Take Action to Save The Desert

Click here to sign the petition by Solar Done Right calling for a responsible renewable energy future.

As this photo by Chris Clarke shows, energy companies have already begun to bulldoze ecologically intact desert wildlands to make way for massive solar facilities.  Our clean energy future does not need to involve sacrificing more of our natural treasures.
We have a long history of destroying wild landscapes to generate electricity.  Oil spills killing marine life, natural gas wells fragmenting sagebrush habitat and spoiling our groundwater, and coal plants spewing emissions that warm our planet.  We are rightfully looking to renewable energy sources as a better alternative, but we cannot afford to sacrifice more wildlands to energy.  As of December, the Bureau of Land Management had received applications for wind and solar facilities on 1,659 square miles of public land in just California, and yet that would still not be enough to meet the State's energy needs. 

We need a responsible renewable energy policy that prioritizes distributed generation (e.g. rooftop solar), energy conservation, and placing the larger facilities on already-disturbed lands.


  1. I support this petition because I feel humans have already caused enough loss of biodiversity and degradation to the environment (including this desert). It is unfortunate that many people do not see why preserving what we have left is so vital.

    I do agree renewable energy sources are important, and I am sure they will become more accepted, researched, and implemented. However, I do not see any reason to trade the beneficial possibilities of renewable energy for the detrimental outcomes of destroying habitat and wildlife. These complex ecosystems sustain the earth and make it beautiful.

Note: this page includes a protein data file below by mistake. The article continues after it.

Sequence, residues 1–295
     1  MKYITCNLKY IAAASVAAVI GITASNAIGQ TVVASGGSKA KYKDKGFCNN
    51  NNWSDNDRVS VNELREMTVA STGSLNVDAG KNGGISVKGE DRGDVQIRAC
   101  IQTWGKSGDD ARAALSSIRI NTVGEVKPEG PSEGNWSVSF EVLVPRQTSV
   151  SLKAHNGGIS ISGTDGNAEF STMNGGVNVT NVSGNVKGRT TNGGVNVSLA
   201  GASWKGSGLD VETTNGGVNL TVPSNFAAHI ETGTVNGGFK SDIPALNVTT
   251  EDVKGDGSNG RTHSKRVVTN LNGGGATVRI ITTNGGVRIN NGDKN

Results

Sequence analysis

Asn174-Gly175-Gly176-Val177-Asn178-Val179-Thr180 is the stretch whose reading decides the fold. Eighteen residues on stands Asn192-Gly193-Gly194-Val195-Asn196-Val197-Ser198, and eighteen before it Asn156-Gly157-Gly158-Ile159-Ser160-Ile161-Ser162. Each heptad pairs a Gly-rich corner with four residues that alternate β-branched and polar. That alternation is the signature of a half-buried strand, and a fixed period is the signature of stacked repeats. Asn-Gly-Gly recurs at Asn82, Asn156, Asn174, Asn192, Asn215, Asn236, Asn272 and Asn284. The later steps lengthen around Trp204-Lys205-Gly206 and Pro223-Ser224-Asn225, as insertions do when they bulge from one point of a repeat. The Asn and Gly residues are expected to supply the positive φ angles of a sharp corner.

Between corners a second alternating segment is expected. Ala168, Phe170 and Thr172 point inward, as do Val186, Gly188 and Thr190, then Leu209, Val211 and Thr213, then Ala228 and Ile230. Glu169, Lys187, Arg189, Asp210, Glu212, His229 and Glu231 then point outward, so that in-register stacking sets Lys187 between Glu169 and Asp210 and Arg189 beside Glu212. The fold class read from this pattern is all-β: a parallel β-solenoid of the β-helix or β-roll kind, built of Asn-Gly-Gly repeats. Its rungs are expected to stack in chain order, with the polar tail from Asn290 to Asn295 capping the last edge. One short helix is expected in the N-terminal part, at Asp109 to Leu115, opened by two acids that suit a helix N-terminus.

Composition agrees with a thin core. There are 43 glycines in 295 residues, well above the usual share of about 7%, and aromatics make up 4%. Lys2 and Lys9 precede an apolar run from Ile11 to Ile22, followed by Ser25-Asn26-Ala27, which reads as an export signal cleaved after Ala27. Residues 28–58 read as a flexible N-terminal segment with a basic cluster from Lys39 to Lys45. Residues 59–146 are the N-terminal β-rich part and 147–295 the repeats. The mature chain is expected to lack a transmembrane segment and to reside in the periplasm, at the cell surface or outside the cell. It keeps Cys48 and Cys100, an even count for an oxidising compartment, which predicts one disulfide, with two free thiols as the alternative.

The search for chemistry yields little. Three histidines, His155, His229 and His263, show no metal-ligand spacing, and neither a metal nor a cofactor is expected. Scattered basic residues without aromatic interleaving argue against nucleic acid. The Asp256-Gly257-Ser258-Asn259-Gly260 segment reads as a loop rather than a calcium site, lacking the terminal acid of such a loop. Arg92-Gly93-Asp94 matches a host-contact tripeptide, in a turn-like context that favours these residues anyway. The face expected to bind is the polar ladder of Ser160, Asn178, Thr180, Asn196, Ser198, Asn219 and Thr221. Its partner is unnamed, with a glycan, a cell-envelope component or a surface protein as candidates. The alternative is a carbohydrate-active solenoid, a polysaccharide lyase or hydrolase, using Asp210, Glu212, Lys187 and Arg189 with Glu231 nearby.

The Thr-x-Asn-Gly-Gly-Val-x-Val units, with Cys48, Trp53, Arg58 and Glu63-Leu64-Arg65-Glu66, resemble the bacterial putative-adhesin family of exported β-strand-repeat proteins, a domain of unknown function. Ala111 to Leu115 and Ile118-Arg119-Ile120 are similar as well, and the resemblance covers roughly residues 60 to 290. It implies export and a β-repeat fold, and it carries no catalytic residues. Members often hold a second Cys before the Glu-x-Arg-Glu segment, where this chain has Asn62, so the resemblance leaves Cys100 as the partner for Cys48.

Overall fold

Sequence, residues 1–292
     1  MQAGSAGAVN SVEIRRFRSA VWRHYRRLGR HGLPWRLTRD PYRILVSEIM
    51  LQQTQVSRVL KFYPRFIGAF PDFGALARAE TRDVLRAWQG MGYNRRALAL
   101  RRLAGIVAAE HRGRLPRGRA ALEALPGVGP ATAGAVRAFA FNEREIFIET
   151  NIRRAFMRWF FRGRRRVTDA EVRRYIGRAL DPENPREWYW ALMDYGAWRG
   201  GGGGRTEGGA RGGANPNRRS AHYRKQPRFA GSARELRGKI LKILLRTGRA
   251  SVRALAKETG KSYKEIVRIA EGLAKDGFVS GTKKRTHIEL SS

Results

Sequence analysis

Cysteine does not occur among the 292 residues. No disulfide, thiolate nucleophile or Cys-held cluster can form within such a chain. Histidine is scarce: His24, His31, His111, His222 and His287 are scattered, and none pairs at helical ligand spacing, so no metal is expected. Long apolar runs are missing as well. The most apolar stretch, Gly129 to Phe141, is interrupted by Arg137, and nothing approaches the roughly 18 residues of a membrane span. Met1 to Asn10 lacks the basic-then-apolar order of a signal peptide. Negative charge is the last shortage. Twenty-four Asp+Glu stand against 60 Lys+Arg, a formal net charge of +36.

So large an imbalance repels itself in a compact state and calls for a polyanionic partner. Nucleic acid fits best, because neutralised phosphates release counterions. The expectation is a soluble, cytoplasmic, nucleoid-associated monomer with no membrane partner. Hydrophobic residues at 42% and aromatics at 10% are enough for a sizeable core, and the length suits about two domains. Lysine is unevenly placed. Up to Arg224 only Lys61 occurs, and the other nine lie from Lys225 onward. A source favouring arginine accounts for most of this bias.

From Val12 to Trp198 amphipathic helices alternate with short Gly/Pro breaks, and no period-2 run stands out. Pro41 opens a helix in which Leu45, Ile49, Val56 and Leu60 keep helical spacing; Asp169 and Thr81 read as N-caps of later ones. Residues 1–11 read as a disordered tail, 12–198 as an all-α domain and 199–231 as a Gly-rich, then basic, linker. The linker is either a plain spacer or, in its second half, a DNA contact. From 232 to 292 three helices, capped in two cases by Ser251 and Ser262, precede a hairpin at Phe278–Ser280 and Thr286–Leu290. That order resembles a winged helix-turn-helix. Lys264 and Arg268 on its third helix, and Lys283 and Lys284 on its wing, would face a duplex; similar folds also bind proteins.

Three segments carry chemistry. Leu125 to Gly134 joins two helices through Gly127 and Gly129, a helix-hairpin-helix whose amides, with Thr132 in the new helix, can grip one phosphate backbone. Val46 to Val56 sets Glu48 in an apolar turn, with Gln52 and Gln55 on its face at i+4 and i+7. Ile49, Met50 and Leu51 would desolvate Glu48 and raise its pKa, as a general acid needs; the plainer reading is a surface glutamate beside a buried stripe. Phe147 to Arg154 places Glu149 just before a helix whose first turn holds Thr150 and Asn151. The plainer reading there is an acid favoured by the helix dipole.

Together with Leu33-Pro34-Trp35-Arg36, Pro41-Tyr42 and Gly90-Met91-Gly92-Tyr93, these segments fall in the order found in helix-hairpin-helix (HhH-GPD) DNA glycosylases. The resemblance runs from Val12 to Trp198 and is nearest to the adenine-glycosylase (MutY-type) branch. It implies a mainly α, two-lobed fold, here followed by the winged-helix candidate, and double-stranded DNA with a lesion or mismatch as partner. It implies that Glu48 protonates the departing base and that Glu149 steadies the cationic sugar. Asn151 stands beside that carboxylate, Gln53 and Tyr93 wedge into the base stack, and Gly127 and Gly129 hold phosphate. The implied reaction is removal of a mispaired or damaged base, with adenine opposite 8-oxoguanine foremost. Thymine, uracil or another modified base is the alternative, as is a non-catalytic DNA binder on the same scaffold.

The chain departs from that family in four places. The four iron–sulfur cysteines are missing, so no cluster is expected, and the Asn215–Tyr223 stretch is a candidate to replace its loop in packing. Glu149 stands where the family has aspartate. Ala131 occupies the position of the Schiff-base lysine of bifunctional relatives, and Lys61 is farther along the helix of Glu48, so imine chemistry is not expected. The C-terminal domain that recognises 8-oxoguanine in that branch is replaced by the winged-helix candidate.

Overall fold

I am only going to say a few more points here since this is a comment, not a book. Environmentally-conscious people and energy-related interests CAN find solutions to a) help preserve ecosystems, b) still produce energy that is considered more responsible, and c) ensure these technologies are safe for us, fauna, and flora. Americans have achieved nearly impossible tasks countless times over, and I am sure we can achieve this. Taking action before fully addressing or understanding all the associated consequences is like being in a dangerous experiment in my opinion.

    The statements I mentioned are only one individual's opinion. Feel free to refute or support any of them.


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